As the session continued, Phillips spotted an opportunity for some publicity and called a local newspaper, the Memphis Press-Scimitar. Bob Johnson, the newspaper’s entertainment editor, came over to the studios accompanied by a UPI representative named Leo Soroca and a photographer.
The following day, an article, written by Johnson about the session, was published in the Memphis Press-Scimitar under the title "Million Dollar Quartet". The article contained the now-famous photograph of Presley seated at the piano surrounded by Lewis, Perkins and Cash. (The original, uncropped version of the photo also includes Evans, shown seated atop the piano.

In 1969, Shelby Singleton bought Sun Records. He began a long search of the Sun catalogue, browsing through more than 10,000 hours of tape.
At the same time, Singleton licensed much, if not all, of the Sun catalogue to the English Charly label for reissue in Europe. As a result of Singleton’s and Charly's search of the Sun catalogue, a portion of the session came to light. This was issued in Europe 1981] as "Charly/Sun" LP #1006 The Million Dollar Quartet, and it contained seventeen tracks, almost all of which were gospel/spiritual music.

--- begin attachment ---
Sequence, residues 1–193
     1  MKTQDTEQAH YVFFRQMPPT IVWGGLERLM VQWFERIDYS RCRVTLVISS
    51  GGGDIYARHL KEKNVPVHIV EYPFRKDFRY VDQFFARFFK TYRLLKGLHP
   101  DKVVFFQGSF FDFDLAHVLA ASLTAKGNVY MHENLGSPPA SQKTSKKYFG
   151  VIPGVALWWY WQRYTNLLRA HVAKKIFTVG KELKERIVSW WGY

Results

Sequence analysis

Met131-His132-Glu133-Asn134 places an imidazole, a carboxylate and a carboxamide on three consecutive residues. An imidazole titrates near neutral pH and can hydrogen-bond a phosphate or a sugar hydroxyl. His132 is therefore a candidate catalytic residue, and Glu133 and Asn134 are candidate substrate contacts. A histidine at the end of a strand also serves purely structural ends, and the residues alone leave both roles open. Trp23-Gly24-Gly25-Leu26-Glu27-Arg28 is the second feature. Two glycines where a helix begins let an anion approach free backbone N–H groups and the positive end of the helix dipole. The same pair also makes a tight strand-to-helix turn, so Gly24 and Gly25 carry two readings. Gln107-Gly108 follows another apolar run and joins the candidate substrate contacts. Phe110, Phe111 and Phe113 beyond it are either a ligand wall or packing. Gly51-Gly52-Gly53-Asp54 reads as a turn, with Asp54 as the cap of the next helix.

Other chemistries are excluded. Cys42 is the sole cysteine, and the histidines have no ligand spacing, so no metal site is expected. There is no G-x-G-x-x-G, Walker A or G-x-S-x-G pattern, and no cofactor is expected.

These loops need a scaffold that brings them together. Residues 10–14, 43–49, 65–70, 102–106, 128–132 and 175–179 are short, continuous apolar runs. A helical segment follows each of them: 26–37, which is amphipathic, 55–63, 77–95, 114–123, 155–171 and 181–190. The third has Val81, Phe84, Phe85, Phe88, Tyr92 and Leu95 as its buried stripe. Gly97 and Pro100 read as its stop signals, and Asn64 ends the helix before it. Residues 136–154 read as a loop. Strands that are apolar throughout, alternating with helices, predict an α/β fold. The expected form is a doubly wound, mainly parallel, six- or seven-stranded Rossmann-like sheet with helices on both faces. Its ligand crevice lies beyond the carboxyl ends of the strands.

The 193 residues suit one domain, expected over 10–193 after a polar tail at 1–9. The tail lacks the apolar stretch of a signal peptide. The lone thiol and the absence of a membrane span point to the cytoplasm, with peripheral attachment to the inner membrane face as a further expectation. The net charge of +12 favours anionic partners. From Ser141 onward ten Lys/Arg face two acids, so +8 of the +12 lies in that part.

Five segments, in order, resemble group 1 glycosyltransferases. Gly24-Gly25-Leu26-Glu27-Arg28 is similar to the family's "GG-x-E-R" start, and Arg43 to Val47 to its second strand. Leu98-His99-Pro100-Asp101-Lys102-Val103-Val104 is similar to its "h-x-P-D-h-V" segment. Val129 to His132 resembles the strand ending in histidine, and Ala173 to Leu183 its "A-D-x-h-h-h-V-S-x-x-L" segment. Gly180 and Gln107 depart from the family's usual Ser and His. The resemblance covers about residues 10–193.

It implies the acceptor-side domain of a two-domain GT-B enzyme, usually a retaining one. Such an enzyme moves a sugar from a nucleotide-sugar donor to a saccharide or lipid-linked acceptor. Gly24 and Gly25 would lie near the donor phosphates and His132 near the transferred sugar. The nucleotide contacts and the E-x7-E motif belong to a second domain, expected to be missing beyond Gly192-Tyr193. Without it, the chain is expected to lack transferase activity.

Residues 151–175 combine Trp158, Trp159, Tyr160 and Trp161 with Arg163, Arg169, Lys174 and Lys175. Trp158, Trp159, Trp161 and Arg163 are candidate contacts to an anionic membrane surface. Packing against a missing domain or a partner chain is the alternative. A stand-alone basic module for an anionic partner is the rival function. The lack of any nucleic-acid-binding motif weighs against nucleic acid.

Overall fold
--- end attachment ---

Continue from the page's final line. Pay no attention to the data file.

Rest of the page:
Several years later, additional material was discovered. This resulted in the release of the 1987 "Charly/Sun" 2 LP set #CDX 20 The Complete Million Dollar Session, together with their simultaneous issue in CD format in Europe. In 1990, they were replicated by RCA for US distribution as a CD and LP, titled, Elvis Presley - The Million Dollar Quartet (RCA CD # 2023-2-R), the sleeve notes of which were written by Colin Escott of Showtime Music, Toronto.
A 2006 50th anniversary issue of the session was released on RCA, containing approximately twelve minutes of previously unavailable material and placing the titles in the original recorded sequence. The source of the recording was a copy of the session owned by Elvis Presley.
According to Ernst Jorgensen, an authority on Elvis who consults for BMG, the published material contains about 95 percent of the master recordings. "We found three reels", he says, "You could always argue that there were more. But in the first you can hear Elvis arriving and in the last you can hear him leaving. I doubt that there are more."[citation needed]